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This article (Nylon socks) presents the general characteristics and application of synthetic nylon fibre and why it is being used in socks.
Nylon is one of the most common fabrics found in a broad range of clothing and accessories. It is a thin, rigid, lustrous, elastic synthetic polymer with a protein-like chemical structure, able to be produced as sheets, filaments or embossed objects. It has been used to create everything from carpets, socks, ropes for rock climbing and parachutes to food packaging, string for tyres, conveyor belts airbags and fishing net. It can be blended with other materials such as glass, oil and carbon fiber to enhance certain aspects of its performance, as its wide variety of qualities are often useful, but sadly lacking from the materials that it teams up with.
Socks are very important part of clothing. They are the caretakers of our shoes and feet, and a fashion quotient to add in our apparel. Since Socks enhance our apparel as well as shoes, they can never be optional. Socks are worn to absorb sweat that is produced by the feet and for warmth during cold seasons. They keep the feet free from bacteria and fungi.
Nylon is a flexible, durable and significantly strong fibre that can be smooth, thin or bulky. It is often used with other fibers to provide reliability or added stretch hence it is essential in almost all modern socks.
On crimping, nylon becomes elastic and provide the tensile feature of socks. It can be used as a strengthening or stretching material or as a coating on natural fabrics. Nylon is used in making socks since it is cheap, easy to wash and water repellent.
Nylon socks wick away moisture and dry quickly hence keep our feet dry. Machine knitted socks will always contain nylon as it works well to hold together fine fabrics in fine yarns. Nylon has a soft feel against the skin and it is resistant to pilling and abrasion.
The nylon is a polyamide with recurring amide group. It contains carbon, oxygen, nitrogen and hydrogen elements.
In microscopic appearance normal nylon looks like a long, smooth cylinder. Its cross section is circular, and it is lustrous, unless it is delustered. The cross-sectional shape of nylon 66 or nylon 6 can differ to produce fibers with a particularly desirable appearance or performance quality.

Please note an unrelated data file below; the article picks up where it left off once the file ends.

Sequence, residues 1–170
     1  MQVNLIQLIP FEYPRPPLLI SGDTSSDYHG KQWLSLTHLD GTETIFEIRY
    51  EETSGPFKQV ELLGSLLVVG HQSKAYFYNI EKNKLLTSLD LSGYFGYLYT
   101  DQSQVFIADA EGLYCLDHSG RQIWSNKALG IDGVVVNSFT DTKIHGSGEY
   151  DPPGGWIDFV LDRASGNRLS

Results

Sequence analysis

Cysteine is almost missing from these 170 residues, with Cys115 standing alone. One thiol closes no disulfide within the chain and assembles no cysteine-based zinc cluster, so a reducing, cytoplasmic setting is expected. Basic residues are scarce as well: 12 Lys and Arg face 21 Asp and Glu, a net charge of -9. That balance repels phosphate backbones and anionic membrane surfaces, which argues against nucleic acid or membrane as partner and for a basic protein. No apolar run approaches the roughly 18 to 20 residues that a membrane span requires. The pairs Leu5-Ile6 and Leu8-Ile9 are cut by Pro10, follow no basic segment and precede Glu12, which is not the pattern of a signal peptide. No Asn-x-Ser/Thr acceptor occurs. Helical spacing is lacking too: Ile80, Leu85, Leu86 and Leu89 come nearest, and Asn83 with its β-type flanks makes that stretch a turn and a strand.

Nylon is a relatively low density fiber. Its specific gravity is 1.14, which is lower when compared with most other fibers.
The strength of nylon is excellent. It has a high strength to weight ratio. It is the lightest and the strongest fiber. Its strength is lost when wet. It is produced in a variety of tenacities. The regular tenacities of nylon 66 is 3 to 6 g/d; that of regular nylon 6, 4 to 7 g/d.
Despite the fact that it is a strong fiber, nylon has a low modulus so that it stretches effectively with little force. On the other hand this is a plus for sweaters, swimwear, and athleticwear where low resistance to stretch gives comfort and fit.
Nylon exhibits fairly high elongation and excellent elastic recovery. These properties make it ideal for the apparel purposes. Like other fibers, nylon has its own limit of elasticity. On stretching too much, it does not completely regain its shape. This helps clothes made of nylon, or nylon blended with elastic fibers like spandex, to retain their form and dimensions.
The melting point of nylon 66 is about 500 F. It becomes soft and start to stick at 445 F. Nylon 6 is even more heat sensitive. Ironing at high temperature can cause the fibers to glaze, soften or stick. The fiber burns in a flame but usually self extinguishes when the flame is removed. However, nylon fibers do melt, and as with any fiber that melts, if the molten fiber drips onto the skin, it may cause serious burns.
Like most synthetics, nylon is chemically stable. Dry-cleaning solvents will not harm nylon. It is seriously affected by dilute acids but is soluble in sturdy acids. Prolonged exposures to acidic fumes from pollution can demage the fiber
The avalaibility of a wide variety of types of nylon (from fine to coarse, from soft to crisp, from sheer to opaque) has resulted in the use of nylon in a large range of products for apparel, the home and industry.